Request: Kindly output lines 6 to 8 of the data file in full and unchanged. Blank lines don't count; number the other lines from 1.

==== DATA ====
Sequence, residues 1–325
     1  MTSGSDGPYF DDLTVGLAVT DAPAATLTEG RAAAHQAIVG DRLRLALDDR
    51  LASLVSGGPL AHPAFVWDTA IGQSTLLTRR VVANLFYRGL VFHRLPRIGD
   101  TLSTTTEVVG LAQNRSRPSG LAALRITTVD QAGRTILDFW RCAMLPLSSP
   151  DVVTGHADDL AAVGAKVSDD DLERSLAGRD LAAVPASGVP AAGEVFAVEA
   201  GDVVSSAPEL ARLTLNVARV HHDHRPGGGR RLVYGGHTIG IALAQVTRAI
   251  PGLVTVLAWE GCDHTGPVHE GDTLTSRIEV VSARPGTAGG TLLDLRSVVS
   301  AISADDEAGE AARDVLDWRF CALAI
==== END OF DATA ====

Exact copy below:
   201  GDVVSSAPEL ARLTLNVARV HHDHRPGGGR RLVYGGHTIG IALAQVTRAI
   251  PGLVTVLAWE GCDHTGPVHE GDTLTSRIEV VSARPGTAGG TLLDLRSVVS
   301  AISADDEAGE AARDVLDWRF CALAI